Biking In Michigan

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Incomprehensible-A University Trained Person Working With The Underclass

National Library, Ottawa

July 15, ‘77

The free music sure was great in Ottawa. I especially liked the concert given by David Wiffen. He played really nice acoustic guitar and had a fine voice. I found out he’s got a couple of albums and one of them at least will end up in my record collection in the near future. Also of the highest quality was a French female singer and her band. It was easy listening music, but very nice. The free concerts were sponsored by the city of Ottawa, and took place in what is called the Astrolab, on a grassy knoll behind the Parliament building. On occasion, though, concerts would take place at other locations.

I went to the Camp Fortune Amphitheater to see Tom Rush. Unfortunately, he didn’t make the concert. I never did get a clear explanation on why. The bus ride to the no show cost me a dollar. I also went to see a free theater production of What’s Up Charley Brown. The production needed a bit more polish. All in all, though, I was impressed with the way the city of Ottawa went the extra mile to give people like me entertainment. Thank you Ottawa. This city, the Provincial Capitol of Canada, has been an excellent finish to my otherwise questionable bicycle trip.

Yesterday, I got up early to meet Joe. I was excited about the big bucks I might make in Toronto. I was even more excited about going to Toronto with my new found New Zealand friends, Pam and Bruce. They were newly weds who were honeymooning as world travelers. After Ottawa, they were on their way to England, and from there they planed to work themselves around the world. I was just a wee bit envious. They were both beautiful people. Come to think of it, while in Ottawa, I’ve met a lot of really neat people. I have actually become friends with some of them.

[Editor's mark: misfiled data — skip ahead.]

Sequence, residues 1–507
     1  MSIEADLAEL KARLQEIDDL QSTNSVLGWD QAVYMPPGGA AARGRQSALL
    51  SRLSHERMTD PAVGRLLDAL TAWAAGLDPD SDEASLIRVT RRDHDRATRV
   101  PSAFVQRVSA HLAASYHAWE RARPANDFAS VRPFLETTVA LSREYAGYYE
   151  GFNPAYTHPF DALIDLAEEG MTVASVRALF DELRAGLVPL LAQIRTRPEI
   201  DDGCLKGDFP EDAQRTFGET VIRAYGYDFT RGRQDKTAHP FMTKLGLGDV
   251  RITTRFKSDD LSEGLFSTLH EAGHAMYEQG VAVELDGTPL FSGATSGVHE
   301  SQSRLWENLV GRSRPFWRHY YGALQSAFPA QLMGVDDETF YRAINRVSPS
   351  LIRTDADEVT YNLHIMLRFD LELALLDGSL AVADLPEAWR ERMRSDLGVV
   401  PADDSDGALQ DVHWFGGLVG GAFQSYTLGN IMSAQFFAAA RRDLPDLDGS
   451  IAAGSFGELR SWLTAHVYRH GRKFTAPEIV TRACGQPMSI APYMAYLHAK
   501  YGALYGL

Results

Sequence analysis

When I arrived at the hostel, I met John. He was a tall, lanky, Australian. He introduced me to the dos and don’ts of hostel life. It seemed like he was always around when I was in the hostel. He wasn’t overly talkative, but the two of us seemed to hit it off anyway. He was a world traveler, but unlike Pam and Bruce, he had been at it for a number of years. He told me that as long as it stayed interesting, he would continue. He had already been around the world at least once. After I came back to the hostel one night and found that he had suddenly packed his things and left, one of the staff members told me not to worry, when he wasn’t traveling the world, he was working as a chemical engineer. He was that kind of guy–quiet.

My Czechoslovakian friend, however, was just the opposite. We had some stimulating conversations. We both liked to drink, so we spent a couple afternoons in the pub drinking drafts. Sometimes it was hard to understand him. He had an atrocious accent. After the 1968 takeover of Czechoslovakia by the Soviet Union, he immigrated to South Africa. I had taken a class on Eastern Europe and was familiar with the rise and fall of Dubchec, the liberal reformist leader of Czechoslovakia at the time of the Soviet takeover. My friend (I never could pronounce his name) was impressed with my knowledge of the situation. Dubchec was the reason the Soviets intervened in his country.

When he went to South Africa, he apparently had little trouble fitting in because he was trained as a mechanical engineer/designer. In fact, our most interesting conversation took place when he wanted to know what I did for a living. He couldn’t comprehend (or accept) that a university-trained person would work with the “uneducated classes.” He said that would be a crime in South Africa. No matter what I said to him, he could not understand that my goal all along was to become a custodian. He would just shake his head “no” most of the time. Actually, we had a lot of laughs over it.

I also need to say a few words about the hostel staff that has been so kind to me. Mitch, the friendly deskman who supplied me with many hearty laughs during my stay needs to be mentioned. Stephanie, the assistant resident staff person who got me an appointment with the free clinic for my poison ivy treatment (yes, I had a touch of the stuff while off-road camping) needs to be thanked, also. I want to thank, Jack, the head resident who let me stay past the three-day limit, let me stay on credit, and even let me work off the cost of one day by washing the breakfast dishes. And, as a passing point of interest, he also confirmed what I already expected about today’s hostel clientele.